The reading ‘Equality for Minority Cultures’ deals with the set of issues that are common to societies where there are a few dominant cultural groups and numerous minority groups. In the case of Canada and the United States, the Native American population (also called the aborigines) comprise one such group. Kymlicka analyzes the contentious issue of ‘special’ rights and privileges provided to aboriginal people by law. Kymlicka argues that such ‘affirmative action’ is a breach of principles of equality, which is such an integral part of the Constitution of these democratic nations. The author criticizes the basis of such entitlements, which are founded upon an “abstract egalitarian plateau” that provides inadequate justice to minority communities. Citing the views of prominent legal thinkers such as John Rawls and Dworkin, the author states that such special entitlements would not be effective as long as “the effect of market and political decisions made . . . Read More
The reading titled ‘The Ethnocratic Regime: The Politics of Seizing Contested Territory’, written by O. Yiftachel, continues on the theme of secession and focuses on its political aspects. There are three core arguments forwarded by the author. These include arguments supporting “the existence of an ethnocratic regime as a distinct identifiable type and the existence of a set of mechanisms that shape the ethnocratic regime and explain both persistent patterns of ethnic dominance and regime instability”. Another salient feature of the reading is the view that the structural features of an ethnocratic institution can be subject to rational enquiry and classified into discernable types. While the reading largely theoretical and focuses on abstract analysis, it also briefly tests the validity of the theory to cases of ethnocratic regimes in countries such asSri Lanka,AustraliaandEstonia. This scholarly work by Yiftachel is as relevant to the present times as it was in . . . Read More
The reading titled ‘Theories of Secession’ written by Allen Buchanan deals with a topic that is rarely paid attention to, namely that of secession. Irrespective of the chaos and turmoil episodes of secession bring with them, it is better to have in place a framework for analyzing it, as opposed to neglecting it by taking moral high ground. Buchanan has attempted the former, through answering important questions as “Under what conditions does a group have a moral right to secede, independently of any questions of institutional morality, and in particular apart from any consideration of international legal institutions and their relationship to moral principles? And under what conditions a group should be recognized as having a right to secede as a matter of international institutional morality, including a morally defensible system of international law.”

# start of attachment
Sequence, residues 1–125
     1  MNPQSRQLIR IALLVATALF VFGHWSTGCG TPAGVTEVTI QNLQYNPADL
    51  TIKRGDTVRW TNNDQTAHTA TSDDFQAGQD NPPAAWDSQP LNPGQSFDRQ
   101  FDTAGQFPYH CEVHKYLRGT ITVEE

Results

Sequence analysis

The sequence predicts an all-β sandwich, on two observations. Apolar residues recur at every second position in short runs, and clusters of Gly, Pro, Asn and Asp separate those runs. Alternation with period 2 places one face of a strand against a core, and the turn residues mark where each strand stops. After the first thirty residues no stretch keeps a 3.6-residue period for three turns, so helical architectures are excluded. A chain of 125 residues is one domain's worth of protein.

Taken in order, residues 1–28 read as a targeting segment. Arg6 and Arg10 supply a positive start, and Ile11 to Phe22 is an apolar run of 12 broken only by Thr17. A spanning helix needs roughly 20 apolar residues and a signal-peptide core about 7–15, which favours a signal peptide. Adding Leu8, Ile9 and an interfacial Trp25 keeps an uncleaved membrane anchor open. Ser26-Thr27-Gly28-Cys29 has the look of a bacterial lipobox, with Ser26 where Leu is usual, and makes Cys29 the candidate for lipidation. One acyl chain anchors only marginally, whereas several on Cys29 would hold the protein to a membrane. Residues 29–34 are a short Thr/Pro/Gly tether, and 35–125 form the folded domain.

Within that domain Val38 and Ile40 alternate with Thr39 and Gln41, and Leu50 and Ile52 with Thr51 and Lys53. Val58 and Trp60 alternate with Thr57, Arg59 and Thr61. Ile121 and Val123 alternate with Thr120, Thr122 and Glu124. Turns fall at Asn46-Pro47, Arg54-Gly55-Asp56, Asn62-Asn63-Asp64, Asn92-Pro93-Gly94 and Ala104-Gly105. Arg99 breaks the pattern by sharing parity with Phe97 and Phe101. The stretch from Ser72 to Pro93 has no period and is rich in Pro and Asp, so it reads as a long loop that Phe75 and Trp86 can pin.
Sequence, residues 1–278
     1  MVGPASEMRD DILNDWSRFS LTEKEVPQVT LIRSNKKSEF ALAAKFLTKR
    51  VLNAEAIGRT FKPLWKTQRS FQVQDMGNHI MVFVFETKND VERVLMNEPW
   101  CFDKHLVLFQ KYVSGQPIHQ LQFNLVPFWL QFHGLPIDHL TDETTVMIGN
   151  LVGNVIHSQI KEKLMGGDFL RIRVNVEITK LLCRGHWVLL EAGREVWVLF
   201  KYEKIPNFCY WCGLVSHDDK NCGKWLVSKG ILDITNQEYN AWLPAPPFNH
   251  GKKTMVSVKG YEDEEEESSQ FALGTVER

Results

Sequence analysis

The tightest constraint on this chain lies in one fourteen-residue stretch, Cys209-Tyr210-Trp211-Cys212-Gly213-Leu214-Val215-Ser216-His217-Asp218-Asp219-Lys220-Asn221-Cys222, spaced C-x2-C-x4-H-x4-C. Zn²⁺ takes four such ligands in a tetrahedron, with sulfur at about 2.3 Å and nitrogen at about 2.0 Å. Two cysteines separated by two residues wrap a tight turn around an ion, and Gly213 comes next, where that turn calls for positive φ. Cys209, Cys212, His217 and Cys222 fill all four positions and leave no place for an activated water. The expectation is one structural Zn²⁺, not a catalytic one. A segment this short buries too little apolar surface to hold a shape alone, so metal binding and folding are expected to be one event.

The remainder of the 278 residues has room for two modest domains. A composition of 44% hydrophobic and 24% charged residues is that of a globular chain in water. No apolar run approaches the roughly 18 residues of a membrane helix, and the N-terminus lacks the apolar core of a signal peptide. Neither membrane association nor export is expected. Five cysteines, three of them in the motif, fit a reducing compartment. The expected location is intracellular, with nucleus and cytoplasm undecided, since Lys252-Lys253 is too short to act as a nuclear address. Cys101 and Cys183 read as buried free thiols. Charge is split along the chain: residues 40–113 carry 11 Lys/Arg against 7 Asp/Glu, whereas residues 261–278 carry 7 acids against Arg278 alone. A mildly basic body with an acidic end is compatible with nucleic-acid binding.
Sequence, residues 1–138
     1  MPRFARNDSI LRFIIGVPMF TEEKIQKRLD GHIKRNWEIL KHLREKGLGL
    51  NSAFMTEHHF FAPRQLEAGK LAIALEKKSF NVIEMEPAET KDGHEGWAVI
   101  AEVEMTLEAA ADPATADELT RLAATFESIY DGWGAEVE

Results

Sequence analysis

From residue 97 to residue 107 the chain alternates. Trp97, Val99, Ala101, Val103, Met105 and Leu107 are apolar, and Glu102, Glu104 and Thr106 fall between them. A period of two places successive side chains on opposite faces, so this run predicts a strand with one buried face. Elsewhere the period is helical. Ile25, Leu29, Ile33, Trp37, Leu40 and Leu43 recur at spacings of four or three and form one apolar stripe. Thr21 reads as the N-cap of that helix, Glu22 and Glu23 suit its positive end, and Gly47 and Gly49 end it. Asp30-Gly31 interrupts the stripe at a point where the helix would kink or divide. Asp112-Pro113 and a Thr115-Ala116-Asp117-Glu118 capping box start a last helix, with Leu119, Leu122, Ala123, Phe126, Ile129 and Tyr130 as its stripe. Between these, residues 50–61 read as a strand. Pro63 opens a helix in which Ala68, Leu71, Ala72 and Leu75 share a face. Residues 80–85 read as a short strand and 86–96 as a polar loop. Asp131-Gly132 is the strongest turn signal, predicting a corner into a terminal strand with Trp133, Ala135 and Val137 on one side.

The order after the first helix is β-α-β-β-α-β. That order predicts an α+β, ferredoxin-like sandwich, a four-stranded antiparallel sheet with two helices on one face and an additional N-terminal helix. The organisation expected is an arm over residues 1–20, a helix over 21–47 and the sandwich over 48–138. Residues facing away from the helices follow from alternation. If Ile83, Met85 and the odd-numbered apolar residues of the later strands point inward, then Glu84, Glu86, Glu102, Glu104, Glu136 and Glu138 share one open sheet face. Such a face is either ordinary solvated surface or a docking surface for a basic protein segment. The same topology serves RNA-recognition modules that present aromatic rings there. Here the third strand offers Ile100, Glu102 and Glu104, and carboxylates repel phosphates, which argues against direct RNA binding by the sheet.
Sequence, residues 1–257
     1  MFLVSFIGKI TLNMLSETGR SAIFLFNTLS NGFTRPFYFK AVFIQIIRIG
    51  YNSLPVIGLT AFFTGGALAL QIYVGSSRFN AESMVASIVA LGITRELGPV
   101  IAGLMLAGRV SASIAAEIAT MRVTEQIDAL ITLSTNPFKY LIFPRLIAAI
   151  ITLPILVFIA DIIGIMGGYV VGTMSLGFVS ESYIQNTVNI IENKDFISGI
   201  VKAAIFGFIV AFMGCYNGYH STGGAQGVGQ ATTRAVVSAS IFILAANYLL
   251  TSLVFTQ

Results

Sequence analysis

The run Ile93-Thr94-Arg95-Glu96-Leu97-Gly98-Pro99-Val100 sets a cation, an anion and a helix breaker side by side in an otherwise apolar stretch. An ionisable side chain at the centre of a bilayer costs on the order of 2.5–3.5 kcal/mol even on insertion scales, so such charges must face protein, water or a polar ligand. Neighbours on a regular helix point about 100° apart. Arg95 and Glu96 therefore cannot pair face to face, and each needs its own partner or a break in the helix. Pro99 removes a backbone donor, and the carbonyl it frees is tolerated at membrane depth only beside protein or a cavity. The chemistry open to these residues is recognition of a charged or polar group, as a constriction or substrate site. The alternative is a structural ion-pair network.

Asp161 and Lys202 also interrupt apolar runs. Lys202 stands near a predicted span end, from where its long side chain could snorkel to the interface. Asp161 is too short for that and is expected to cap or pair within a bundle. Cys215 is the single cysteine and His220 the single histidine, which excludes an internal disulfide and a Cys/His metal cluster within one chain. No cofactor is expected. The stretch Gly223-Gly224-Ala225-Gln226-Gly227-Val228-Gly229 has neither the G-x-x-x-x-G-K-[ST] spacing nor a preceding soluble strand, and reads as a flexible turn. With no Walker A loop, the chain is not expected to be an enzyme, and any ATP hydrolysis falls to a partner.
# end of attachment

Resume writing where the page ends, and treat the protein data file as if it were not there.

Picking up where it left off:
The first of these questions is the more substantive one – being likely to find application in all types of . . . Read More
Walker Connor’s article titled ‘Eco- or Ethno- nationalism?’ addresses an oft discussed issue, namely the impulse underlying ethnic conflict. Connor asserts that attributes such as race, language, religion, etc, which comprise an individual’s ethnic identity are at the heart of an ethnic conflict only so far as there is evidence of tangible discrepancy in these attributes among the groups involved. The author further points out that far too often measures of economic disparity between the conflicting groups is not paid attention to. A closer scrutiny would lead to the conclusion that economic stature of the two groups is a significant factor. The reason why economic factors behind ethnic conflict are not obvious at the outset is due to the fact that comparative studies of ethnic conflicts show a near-universal relationship between ethno-national conflict and economic causation. Further, “analysts have been beguiled by the fact that observable economic . . . Read More
This article by Ronald Suny attempts to sort through theories of ethnic conflict. It peruses the case ofSoviet Union, before and after its collapse, to identify underlying motives of ethnic conflict. The author disagrees with the view forwarded by certain academics that Primordialism, which springs from an innate, natural identity, is at the root of most ethnic conflicts. But, since the notion of Primordialism is itself loosely and vaguely defined, this argument does not hold merit. Secondly, Suny points out the deficiencies in a Constructivist approach to studying ethnic conflicts, as this approach does not provide a satisfactory explanation for conflicts in the past.
Moving away from these simplistic assessments of ethic conflict, Suny suggests that a combination of both emotion and reason are at work in any given instance of conflict. The emotions that instigate conflict include fear, resentment, hate and anger. But it is debatable whether there is sufficient . . . Read More